Wednesday, March 18, 2009

Global gender issues **EDITED AFTER FURTHER INSIGHT AND REVIEW**

I feel as though in America, sometimes we are just preaching to the choir when it comes to gender issues. Ok, so there is still a lot of work to be done in terms of stereotyping based on gender in the work place, sexual harassment in the work place and in school, respect for reproduction rights and choices, representations of females in print advertising, pay scale equality in the workplace, etc., etc. The list could go on and on, and it's things that I see every day and comment to my friends about weekly. I'm sure I'm leaving several things out here, and I apologize for all those things I am not recognizing. My aim here is not to be shortsighted.

In Morocco, considered one of the most liberal and progressive of the Muslim countries save only Dubai, women are still forbidden, legally forbidden, from dancing in public. After the age of ten, most young women cover their heads with scarves. Not only does one's head have to be covered, but if one decides to wear jeans and a blouse, for example, the blouse must cover ones behind. And their entire bodies must be covered when they enter the mosque and when they pray, a reason why most women just resort to hooded jalabas. Polygamy is legal if the first wife approves. Women stay at home with the family until they are married, and if they choose to engage in premarital sex good luck with marriage ever happening. If one is not a virgin when married, one is worth nothing. This is an abstinence-only culture, and we all know how well that works.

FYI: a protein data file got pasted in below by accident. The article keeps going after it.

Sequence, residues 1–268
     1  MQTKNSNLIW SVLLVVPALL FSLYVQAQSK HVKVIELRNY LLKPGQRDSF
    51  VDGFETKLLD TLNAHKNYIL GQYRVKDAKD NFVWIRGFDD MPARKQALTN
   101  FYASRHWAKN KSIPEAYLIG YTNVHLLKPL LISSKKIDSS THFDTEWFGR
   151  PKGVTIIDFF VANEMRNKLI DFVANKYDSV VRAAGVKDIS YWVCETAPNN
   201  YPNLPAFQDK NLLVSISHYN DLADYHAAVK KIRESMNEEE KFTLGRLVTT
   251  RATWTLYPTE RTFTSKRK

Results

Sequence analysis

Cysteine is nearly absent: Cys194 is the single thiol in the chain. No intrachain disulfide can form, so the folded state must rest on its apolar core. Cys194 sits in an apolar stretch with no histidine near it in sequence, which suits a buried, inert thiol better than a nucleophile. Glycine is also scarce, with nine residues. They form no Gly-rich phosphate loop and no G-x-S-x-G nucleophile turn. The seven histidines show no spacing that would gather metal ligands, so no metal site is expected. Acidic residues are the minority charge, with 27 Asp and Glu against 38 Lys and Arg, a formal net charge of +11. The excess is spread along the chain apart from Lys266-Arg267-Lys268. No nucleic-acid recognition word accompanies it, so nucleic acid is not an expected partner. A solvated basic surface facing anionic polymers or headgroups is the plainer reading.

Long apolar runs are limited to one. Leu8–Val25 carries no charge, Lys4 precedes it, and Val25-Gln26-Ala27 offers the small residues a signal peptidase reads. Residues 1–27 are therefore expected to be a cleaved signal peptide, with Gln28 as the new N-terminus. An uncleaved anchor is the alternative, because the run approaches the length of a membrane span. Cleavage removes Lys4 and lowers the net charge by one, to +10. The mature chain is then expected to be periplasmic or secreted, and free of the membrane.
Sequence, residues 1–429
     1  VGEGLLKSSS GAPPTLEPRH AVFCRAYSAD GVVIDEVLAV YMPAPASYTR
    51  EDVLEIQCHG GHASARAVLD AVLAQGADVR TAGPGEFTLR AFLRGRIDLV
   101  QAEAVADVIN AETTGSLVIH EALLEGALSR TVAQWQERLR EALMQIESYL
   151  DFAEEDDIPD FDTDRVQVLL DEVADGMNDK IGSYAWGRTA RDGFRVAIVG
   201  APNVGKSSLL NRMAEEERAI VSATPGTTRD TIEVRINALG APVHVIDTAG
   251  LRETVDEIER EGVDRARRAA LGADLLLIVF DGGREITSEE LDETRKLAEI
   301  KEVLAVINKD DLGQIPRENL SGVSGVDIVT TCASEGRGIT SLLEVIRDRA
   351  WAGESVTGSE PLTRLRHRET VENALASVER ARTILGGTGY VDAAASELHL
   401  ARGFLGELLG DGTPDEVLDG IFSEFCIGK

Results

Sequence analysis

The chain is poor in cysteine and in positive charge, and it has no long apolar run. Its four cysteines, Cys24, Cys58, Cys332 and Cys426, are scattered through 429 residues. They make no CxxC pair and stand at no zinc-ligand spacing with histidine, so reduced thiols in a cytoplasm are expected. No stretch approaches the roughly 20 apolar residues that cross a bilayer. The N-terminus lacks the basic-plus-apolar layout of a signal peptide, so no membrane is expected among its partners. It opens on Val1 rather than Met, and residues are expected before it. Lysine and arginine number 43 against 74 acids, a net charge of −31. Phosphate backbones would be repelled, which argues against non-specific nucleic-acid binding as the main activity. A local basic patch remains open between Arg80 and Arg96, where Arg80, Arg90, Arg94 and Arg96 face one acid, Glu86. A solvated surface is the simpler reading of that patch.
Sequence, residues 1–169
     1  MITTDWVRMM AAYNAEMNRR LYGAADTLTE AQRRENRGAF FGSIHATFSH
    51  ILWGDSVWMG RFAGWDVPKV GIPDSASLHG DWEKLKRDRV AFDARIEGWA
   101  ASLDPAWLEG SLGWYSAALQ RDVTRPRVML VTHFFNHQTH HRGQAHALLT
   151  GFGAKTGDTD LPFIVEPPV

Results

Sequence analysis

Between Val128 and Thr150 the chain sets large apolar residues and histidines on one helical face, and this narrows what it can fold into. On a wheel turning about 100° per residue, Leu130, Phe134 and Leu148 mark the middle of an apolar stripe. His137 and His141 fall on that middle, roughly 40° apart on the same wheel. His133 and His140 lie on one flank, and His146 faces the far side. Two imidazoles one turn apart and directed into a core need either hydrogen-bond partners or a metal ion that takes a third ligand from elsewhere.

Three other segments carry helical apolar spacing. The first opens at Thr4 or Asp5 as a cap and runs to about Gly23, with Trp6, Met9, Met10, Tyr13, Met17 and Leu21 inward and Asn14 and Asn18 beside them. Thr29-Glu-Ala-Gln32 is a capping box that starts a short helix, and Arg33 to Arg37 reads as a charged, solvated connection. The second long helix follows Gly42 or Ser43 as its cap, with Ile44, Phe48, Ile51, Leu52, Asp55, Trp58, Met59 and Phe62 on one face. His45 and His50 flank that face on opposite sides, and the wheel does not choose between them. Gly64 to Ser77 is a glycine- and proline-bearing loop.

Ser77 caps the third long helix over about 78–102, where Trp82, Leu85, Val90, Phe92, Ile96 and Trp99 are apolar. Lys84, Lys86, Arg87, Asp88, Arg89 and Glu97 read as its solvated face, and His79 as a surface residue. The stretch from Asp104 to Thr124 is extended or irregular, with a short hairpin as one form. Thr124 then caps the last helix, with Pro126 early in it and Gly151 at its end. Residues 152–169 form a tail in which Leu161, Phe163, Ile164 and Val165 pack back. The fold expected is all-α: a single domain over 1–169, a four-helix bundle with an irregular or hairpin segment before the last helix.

I cannot imagine living under such OPPRESSION as a woman who has been able to wear what she wants, say what she thinks and learn what she chooses for her entire life. I've received several glares for having my head uncovered, so much so that if I lived here for long enough I probably would not go out after dark in such a state. I was speaking with a middle school English Lit teacher from my father's school who is from America about this topic, seeing as she has lived here for several years. The idea that she is a single woman who moved away from her family to pursue something of her choice is a shock to most she encounters who have been raised in this Muslim culture.

Segue into an example of just how deeply ingrained is this female oppression: My father and stepmother have a woman living with them in their home who cooks and cleans for them and takes care of my stepmother's mother. She keeps her head covered whenever my father is home. She cannot even walk around the house where she lives without her head covered. My stepmother was walking down the stairs to go into the kitchen, which is on the floor where this woman's room is located. My stepmother heard swift footsteps and saw a streak run in front of her as the woman ran into her room. My stepmother said, "Z---, is everything ok?"

She replied, "Oh, I thought you were Monsieur Tom! I didn't have my scarf on because I was just getting a snack to bring into my room."

My father would have seen her "naked" and she would have been mortified. I suppose this is an issue of her idea of decency, but this is a religious-based concept of decency. Because it is for religious reasons, and I believe everyone has the right to basic religious freedom of expression, I would not dream of infringing on their belief system. But I do think that there is something inherently wrong with a system of faith that suppresses one gender under another. It could be argued that every religion is prone to this, and there are just some that are more sexist and discriminatory against women than others. These women are kept covered for several reasons, the mix of which is almost too complicated for me to get into. (NOTE: I recently learned that some women keep their head covered as a feminist stance, reclaiming their powers over who has access to their bodies.)